What I’ve discovered is that when you step out to bear witness as best you can to the deepest truth you know, you get through your fears, whatever they are. Speaking for myself, you get through your fear of rocking the boat and of making people angry or uncomfortable. You get through your fear of picking up a bullhorn and speaking to a crowd. You get through your fear of conflict, your fear of addressing a hostile audience, and your fear of not mastering every last fact. You get through your fear of being dismissed as radical, sentimental, or naïve. You get through your fear of being arrested and hauled off to jail.

Of course when you do these things you may still be afraid – in fact, you may be shaking in your boots. But you get through those fears because life is too important –- your children and their children are too important – the truth is too important – for you to be stopped by your fears. You realize that Love sent you into this world for a purpose, and that when it comes to protecting life as it has evolved on this planet, we need all hands on deck. We want to leave a habitable world for our children and our children’s children. We want life in all its beauty and diversity to continue to thrive. We don’t want to propel the world’s sixth major extinction event and to allow half the world’s species to vanish before the century is out. We don’t want to create the conditions that lead to famine, pestilence, and war. We refuse to allow business as usual to continue, if business as usual means unraveling the planet’s web of life.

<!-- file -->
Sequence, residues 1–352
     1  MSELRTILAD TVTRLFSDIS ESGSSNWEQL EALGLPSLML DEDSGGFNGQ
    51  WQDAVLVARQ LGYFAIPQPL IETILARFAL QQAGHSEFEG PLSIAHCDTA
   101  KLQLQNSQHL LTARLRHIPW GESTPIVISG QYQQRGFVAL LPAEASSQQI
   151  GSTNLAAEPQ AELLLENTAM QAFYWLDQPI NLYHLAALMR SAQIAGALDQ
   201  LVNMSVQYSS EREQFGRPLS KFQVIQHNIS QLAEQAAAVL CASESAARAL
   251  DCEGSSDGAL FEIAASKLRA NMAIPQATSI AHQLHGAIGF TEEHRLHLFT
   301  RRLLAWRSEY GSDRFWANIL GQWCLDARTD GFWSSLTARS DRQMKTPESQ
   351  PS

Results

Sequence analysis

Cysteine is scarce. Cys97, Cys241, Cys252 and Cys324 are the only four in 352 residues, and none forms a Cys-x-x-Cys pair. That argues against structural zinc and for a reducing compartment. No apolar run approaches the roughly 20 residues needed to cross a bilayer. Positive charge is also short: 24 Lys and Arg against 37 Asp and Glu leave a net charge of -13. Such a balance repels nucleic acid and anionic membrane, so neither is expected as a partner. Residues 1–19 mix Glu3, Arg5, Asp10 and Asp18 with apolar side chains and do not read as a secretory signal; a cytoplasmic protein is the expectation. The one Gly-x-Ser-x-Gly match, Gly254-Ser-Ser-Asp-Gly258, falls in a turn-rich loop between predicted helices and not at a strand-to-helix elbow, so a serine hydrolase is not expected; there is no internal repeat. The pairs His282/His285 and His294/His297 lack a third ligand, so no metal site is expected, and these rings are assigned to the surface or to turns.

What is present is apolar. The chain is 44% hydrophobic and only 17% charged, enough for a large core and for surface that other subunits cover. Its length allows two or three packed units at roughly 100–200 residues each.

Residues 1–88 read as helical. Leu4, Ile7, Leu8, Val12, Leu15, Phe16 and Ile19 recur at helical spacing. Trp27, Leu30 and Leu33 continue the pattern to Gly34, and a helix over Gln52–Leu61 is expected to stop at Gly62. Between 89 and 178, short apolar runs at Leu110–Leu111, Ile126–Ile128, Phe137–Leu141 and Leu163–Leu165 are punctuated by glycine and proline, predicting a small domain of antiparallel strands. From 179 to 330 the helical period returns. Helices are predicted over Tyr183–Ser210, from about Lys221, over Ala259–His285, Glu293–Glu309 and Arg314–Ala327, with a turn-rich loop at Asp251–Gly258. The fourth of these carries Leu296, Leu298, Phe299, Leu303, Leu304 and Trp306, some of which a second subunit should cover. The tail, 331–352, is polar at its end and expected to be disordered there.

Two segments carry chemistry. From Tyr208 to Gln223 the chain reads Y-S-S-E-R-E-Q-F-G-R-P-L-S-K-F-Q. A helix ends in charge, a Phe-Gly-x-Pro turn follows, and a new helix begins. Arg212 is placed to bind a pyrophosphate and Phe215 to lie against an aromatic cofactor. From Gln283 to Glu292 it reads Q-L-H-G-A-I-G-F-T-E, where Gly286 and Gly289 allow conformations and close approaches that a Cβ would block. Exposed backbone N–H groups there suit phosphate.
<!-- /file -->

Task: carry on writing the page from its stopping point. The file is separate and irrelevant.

That is where truth without fear is leading me. I hope that many of you will join me over the weekend of September 20 and 21, when the largest rally in the history of the climate movement will be held in New York.

I take to heart the words of Helen Keller, who said, “I am only one, but still I am one. I cannot do everything, but still I can do something. And because I cannot do everything, I will not refuse to do something I can do.”

The last word goes to poet Michael Leunig, who writes:

There are only two feelings. Love and fear.
There are only two languages. Love and fear.
There are only two activities. Love and fear.
There are only two motives, two procedures,
two frameworks, two results. Love and fear.
Love and fear.

— Presented at “St. Timothy’s Talks: Spotlighting Six Graduates Who Have Devoted Their Lives to Cultivating Meaningful and Sustainable Change,” June 7, 2014, St. Timothy’s School, Stevenson, MD

© 2014 Margaret Bullitt-Jonas